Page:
What are the Key Components of a Good Adviser?

1. A Good Adviser is One Who is Available - and "Active"

The adviser/advisee relationship is reciprocal, a two-way street. Our students are young adults. They need guidance. They make their own decisions, but we help them. A faculty member cannot be a good adviser without the willing participation of the advisee. A good adviser is not passive, or absent, but is also not expected to baby-sit, or intrude. A good adviser is active, available, and knowledgeable.

Post your office hours and maintain them. If you're not there when you say you will be, students will not return to see you, except for the most practical of matters, your signature on a form, and even then, they will slide the form under your door.

Don't hesitate to be "active." You may want to take the initiative on occasion, especially when there is cause for concern, and leave a phone message or an e-mail, asking the student to come in - or reiterating your interest in them and the nature of your concern, and your availability to help, to advise. You will receive course warnings for your advisees experiencing difficulty in a course: a warning might occasion an invitation to come in and talk.

You are expected to meet with your advisees before each course registration period. For these meetings to be other than perfunctory, it may make sense for you to take control of this process and schedule appointments with your advisees, rather than to wait for them to come in. Many students wait until the last minute to contact their adviser and such a meeting is often unsatisfying.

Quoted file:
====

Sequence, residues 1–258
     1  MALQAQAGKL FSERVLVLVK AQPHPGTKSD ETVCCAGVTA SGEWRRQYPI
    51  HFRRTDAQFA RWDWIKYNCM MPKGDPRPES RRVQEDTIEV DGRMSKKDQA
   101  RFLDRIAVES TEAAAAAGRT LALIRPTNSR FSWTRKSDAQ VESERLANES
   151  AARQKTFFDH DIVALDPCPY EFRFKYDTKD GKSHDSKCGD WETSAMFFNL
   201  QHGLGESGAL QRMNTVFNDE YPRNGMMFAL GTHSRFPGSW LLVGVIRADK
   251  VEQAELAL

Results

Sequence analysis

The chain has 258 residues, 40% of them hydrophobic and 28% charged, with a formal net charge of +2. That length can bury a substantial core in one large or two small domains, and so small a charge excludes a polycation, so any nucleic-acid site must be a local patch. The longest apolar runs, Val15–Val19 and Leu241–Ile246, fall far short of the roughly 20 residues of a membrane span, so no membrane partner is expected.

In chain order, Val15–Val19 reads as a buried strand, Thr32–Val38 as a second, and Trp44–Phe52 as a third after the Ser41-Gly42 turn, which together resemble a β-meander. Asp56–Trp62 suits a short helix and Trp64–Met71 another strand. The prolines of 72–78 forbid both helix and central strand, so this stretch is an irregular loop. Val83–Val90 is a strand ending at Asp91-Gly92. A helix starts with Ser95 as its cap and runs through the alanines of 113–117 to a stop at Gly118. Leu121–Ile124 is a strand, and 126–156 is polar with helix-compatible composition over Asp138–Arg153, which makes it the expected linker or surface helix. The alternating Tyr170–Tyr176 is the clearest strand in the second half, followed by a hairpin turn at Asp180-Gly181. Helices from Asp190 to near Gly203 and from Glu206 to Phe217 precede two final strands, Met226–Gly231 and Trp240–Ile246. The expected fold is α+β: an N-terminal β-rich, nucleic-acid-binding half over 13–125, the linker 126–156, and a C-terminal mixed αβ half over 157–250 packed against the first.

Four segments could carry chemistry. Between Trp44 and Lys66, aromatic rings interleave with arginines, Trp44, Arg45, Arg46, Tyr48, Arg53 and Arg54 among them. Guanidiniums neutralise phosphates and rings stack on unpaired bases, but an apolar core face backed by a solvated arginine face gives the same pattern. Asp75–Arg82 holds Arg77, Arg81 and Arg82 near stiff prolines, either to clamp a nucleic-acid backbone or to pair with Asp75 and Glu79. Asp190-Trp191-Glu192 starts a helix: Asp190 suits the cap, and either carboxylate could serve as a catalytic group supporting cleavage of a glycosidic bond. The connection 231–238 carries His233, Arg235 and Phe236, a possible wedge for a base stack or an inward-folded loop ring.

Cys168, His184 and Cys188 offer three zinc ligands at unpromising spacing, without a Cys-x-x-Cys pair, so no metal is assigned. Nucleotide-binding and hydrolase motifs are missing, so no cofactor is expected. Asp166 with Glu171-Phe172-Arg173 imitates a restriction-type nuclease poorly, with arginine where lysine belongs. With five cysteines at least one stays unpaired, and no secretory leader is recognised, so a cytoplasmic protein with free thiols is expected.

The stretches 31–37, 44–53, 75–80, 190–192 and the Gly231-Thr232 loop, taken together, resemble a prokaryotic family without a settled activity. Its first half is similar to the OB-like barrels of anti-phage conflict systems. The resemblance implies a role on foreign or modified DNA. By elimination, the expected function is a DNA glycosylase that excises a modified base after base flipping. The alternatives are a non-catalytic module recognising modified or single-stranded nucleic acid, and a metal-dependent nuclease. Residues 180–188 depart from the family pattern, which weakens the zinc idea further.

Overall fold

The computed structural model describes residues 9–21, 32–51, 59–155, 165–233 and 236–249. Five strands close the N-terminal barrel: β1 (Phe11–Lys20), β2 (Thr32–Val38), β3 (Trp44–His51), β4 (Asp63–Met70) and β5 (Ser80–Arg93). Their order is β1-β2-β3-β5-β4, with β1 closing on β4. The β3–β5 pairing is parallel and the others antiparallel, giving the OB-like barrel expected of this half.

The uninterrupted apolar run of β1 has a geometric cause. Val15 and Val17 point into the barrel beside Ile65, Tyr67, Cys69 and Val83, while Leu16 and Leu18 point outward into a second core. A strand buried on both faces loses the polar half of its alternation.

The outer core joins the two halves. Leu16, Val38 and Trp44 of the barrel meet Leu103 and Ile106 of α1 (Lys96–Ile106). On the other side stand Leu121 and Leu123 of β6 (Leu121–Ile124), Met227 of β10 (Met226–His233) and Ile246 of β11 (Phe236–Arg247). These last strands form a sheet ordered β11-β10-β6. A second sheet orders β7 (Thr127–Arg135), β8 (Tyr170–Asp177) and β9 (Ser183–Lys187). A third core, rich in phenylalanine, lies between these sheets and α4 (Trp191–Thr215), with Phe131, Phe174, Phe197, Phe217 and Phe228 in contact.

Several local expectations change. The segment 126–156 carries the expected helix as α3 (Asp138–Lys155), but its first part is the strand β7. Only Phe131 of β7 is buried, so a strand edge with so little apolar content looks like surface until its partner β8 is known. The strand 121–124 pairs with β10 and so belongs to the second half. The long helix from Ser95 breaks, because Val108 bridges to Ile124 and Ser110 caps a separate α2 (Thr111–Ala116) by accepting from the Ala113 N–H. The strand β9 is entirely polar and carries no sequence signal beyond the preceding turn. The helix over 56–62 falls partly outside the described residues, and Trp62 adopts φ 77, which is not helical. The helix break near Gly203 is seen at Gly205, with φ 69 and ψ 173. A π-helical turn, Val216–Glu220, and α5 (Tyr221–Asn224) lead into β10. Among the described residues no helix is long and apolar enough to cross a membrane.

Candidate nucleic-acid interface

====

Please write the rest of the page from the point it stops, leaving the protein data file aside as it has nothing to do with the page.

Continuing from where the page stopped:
2. A Good Adviser Knows the Curriculum

It's important not only to know the requirements in the major you represent, but also the curricular requirements in general. Your most basic job is to help students with their course schedules. Most students have a clear sense of the course requirements of their major and their status with distribution requirements. Often your job is only to ratify their selections. The more you know about the curriculum, however, the more help you can be to students, not only by giving them appropriate guidance regarding requirements, but also by providing creative ideas about selecting a stimulating overall program of study.

Course information is available both on the web and in hard copy (the catalog is published and distributed in the summer). The information on the web is up-to-date and most reliable.

The person in control of the most information is not necessarily the winner. If you're new, or relatively new to Middlebury systems, faculty, and course offerings, fear not: there is much expert help. First and foremost is the Registrar's Office (x5770). The staff there can answer any curricular question, no matter how technical. Don't hesitate to undertake a First-Year Seminar: the support provided by Kathy Skubikowski (Assistant Dean for Instruction; Director of the Writing Program) and Janis Audet is extraordinary.

3.  A Good Adviser Knows the Support Systems and Makes Referrals

If you encounter a student whose difficulties exceed your expertise, or about whom you just have concern, by all means involve those in student affairs who work with troubled students. You never need to feel overmatched. The first call should normally go to the Commons Dean of that student. The Commons Dean will call in a student about whom you are concerned. Commons affiliations are listed beneath student names in the Directory. Keep in mind also the Faculty Heads of Commons and call them, if you prefer. The Deans/Faculty Heads are as follows:

Atwater Commons (x3310): Scott Barnicle/Peter and Michelle Nelson

Brainerd Commons (3320): Natasha Chang/Robert  Schine

Cook Commons (3330): Ian SutherlandPat Zupan

Ross Commons (3340): Janine Clookey/Pavlos Sfyroeras/Maria Hatjigeorgiou

Wonnacott Commons (3350): Matt Longman/Will Nash and Deb Evans

The Center of Counseling and Human Relations (5141): Gary Margolis '67 and his staff are specifically trained to understand the developmental needs of college students and to work with those in distress. They will not call in a student about whom you have concerns, but they will consult with you about effective approaches in dealing with that student in your role as faculty adviser. It will make sense for you at times to recommend to your advisees that they see a psychotherapist in our counseling center.